Sorry for all my questions. Thanks so much for your answers to these posts -- they've been tremendously helpful.
I've been reading a lot about realism and the threat-con K recently, and I'm realizing that I don't understand what makes a critique a critique.
Here's my understanding of how a threat-con K typically works:
A. Link: realism bad because you create enemies when you call them enemies (self-fulfilling prophecies). E.g. moving troops near a supposed adversary turns them into an adversary even if they previously weren't because they have to act defensively.
B. Impact: everyone dies.
C. Alternative: stop viewing countries as categorically "good" or "bad" -- remove "ally" and "enemy" labels.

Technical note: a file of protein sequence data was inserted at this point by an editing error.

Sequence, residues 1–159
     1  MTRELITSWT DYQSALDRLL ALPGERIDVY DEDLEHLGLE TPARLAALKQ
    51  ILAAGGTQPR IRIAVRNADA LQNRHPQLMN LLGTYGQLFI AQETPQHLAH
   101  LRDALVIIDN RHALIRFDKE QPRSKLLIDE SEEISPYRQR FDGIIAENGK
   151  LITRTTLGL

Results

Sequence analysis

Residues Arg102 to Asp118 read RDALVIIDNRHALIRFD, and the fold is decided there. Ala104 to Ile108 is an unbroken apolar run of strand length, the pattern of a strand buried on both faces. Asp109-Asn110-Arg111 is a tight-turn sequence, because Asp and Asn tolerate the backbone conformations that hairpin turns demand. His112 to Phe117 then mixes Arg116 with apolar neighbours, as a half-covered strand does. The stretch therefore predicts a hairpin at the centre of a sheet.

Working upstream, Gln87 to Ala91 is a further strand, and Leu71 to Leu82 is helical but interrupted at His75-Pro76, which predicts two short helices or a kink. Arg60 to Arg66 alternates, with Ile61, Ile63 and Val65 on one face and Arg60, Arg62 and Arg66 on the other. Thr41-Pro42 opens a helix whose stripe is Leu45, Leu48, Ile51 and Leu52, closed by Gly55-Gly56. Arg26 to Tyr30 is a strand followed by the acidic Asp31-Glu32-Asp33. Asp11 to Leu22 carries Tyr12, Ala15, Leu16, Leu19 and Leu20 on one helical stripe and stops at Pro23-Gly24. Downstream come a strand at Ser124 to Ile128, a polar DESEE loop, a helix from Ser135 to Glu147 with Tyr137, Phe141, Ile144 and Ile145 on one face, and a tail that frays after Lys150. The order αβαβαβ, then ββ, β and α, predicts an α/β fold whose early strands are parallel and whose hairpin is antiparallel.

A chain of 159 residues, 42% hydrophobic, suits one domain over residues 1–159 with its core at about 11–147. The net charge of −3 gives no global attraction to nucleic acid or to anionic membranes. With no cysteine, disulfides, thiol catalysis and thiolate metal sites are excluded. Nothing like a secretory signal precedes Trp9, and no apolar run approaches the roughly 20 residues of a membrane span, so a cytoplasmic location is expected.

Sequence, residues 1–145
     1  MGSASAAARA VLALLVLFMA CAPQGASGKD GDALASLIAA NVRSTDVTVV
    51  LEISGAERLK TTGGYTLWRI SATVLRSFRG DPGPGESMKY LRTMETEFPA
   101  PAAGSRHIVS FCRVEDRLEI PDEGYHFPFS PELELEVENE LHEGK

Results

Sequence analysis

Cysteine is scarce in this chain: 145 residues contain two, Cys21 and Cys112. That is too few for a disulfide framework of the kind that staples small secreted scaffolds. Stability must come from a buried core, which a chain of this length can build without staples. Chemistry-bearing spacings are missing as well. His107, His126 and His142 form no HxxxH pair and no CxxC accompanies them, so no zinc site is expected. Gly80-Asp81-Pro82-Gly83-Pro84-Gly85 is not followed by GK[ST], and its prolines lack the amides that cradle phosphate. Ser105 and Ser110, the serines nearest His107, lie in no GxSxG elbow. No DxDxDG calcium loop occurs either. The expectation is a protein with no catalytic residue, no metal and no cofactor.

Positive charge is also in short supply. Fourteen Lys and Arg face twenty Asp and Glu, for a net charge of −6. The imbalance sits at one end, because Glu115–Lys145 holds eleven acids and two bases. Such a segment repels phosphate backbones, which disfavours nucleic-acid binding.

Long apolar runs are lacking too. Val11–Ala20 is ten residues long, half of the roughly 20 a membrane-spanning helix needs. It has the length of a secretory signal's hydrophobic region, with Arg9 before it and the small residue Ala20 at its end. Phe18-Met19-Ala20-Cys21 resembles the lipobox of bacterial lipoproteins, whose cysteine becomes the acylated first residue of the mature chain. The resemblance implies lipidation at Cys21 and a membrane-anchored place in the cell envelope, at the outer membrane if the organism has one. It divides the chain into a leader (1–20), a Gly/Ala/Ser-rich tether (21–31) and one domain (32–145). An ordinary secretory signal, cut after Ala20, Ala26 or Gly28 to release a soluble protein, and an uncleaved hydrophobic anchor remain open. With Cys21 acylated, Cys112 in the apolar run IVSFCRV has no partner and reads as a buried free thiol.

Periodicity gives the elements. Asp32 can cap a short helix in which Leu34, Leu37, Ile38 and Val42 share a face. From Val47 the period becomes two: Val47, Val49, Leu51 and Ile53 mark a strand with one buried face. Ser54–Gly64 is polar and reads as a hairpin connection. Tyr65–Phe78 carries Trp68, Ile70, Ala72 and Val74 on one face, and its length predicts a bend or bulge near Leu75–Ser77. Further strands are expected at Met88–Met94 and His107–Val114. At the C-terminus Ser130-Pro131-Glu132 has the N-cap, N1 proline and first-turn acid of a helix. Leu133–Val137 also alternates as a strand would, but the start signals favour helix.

Here's what I don't get...
How is that not just a disadvantage or a counterplan?
Can't I achieve the same thing by saying:
Disad: calling X country an enemy turns them into an enemy when they're actually not one, which links to everyone dying.
I read the following in William Bennett's 1996 Rostrum article "An Introduction to the 'Kritik'":
But how do you divorce assumptions and policy implications? In a K, we care about the assumption only because of its impact (isn't the format of a K supposed to be link/impact/alternative?)... so how can we say that a K is only about core assumptions?
And by saying that a K doesn't assume the burdens of a DA, isn't that just trying to be lazy about writing what's actually a DA?
Thanks in advance for clarifying. It's a big help.